Shortly after the hurricane hit, members of Occupy Wall Street, with assistance from the climate justice group and, established Occupy Sandy Relief to go into neighborhoods like Far Rockaway where the government response was sluggish at best and provide relief.  Community organizations and Occupiers banded together and overnight established dozens of relief centers and supplies drop-off sites. The two major hubs for Occupy Sandy Relief are located at churches in the Clinton Hill and Sunset Park neighborhoods of Brooklyn. Thousands of volunteers show up daily at these two sites and others and are dispatched all over the city to deliver food, gut houses and walk up twenty or more flights of stairs in buildings still without power to provide food and blankets to residents. Occupy groups and supporters across the country started to ship in supplies and donations. Occupy Utica set up two drop-off sites, one at The Other Side on Genesee Street and another at Trinity Church.


The support was overwhelming. Occupy Utica activists and others accepted and sorted donations every day for the better part of the week. Rebecca Lloyd Wittman, a local lawyer, spearheaded a campaign to bring donations to Occupy Sandy Relief and bring food from local restaurants, bakeries and cooks down to Far Rockaway after getting inspiration from a group 100 Cooks for a Cause. Truckloads of supplies headed down to New York City all week and much help was provided by Occupy Albany and John Ryan from the local veteran’s group Forty and Eight in Oriskany. He commandeered his organization’s truck that looks like a locomotive and is only used for parades. An exception was made for the vehicle to help those in need. To date, five supply runs have been made to New York City and New Jersey.


Two groups headed down to Far Rockaway on November 10 to gut houses that took in three feet of water and serve food. Luck would have it that two members of Occupy Utica did extensive relief work in New Orleans after Hurricane Katrina. They put their experience and skills to work and one, Joe Bepko, is still in New Jersey doing relief work. Although Occupy Utica is not collecting any more donations at the moment, we are encouraging people to make donations on the Occupy Sandy Relief website and stay informed on our blog.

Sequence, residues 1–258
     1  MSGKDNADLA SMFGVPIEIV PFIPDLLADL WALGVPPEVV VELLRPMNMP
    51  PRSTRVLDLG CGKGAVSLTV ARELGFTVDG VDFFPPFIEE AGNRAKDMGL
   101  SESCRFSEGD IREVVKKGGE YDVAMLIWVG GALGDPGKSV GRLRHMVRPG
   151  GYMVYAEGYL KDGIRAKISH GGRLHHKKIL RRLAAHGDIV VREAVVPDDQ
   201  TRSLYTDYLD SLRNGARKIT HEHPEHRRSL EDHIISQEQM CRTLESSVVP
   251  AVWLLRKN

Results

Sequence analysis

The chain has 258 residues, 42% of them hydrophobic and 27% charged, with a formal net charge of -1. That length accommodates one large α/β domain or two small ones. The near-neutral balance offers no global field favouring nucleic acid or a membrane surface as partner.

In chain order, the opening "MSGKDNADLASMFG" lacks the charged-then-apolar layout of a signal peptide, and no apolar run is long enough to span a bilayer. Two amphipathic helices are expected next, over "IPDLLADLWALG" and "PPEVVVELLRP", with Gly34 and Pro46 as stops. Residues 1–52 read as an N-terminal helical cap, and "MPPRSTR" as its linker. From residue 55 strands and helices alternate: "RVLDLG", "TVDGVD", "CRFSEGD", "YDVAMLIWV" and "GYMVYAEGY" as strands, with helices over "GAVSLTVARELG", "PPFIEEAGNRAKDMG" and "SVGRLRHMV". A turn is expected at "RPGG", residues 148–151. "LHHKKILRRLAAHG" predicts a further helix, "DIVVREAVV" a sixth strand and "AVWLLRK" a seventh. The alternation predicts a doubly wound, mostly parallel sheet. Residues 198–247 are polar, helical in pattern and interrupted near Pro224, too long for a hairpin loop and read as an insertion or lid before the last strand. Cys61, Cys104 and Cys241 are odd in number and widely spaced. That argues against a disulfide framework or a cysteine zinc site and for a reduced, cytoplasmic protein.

When I arrived at St. Jacobi Church, one of the main relief sites, Friday night to drop off supplies, the place was packed with all kinds of donations. Over a dozen people worked late into Friday night sorting and I thanked them in my broken Spanish for what they were doing. The next morning, I arrived at the Clinton Hill site with over 100 other volunteers to be dispatched to Far Rockaway. When I reached my destination it was a struggle to hold back tears. Far Rockaway is simply not recovering. That neighborhood, and a number of others, has been largely ignored by the government. The residents of the homes that we gutted thanked us profusely for helping out – it was the first help of any kind they actually received. The Red Cross however did stop by one of the houses and dropped off a bucket with bleach but gave the residents inaccurate information on mold remediation. It makes me wonder where exactly the many millions of dollars raised by the Red Cross in the past two weeks for relief work have gone. No wonder the borough president of Staten Island called for a boycott of the organization.


One resident broke down in tears in front of us. She and her husband are two of 100,000s that have been abandoned by the government and many like them are having a rude awakening that this government can invade and occupy foreign countries over night and can bail out corrupt financial institutions at the drop of a hat to the tune of $13 trillion but are unable and unwilling to give the same attention, planning and resources to the people of New York and New Jersey. The National Guard, city officials and FEMA have actually gone to Occupy Sandy Relief briefings and sat down with Occupy organizers to get advice on how to effectively respond to this disaster, especially in neighborhoods like Red Hook where Occupy has taken the lead in relief work. The message should be clear that people are more capable, more efficient and more knowledgeable in addressing the needs of their communities. Out of the wreckage of Hurricane Sandy people are discovering that mutual aid and autonomy are rebuilding communities in a much different way than the government can ever imagine.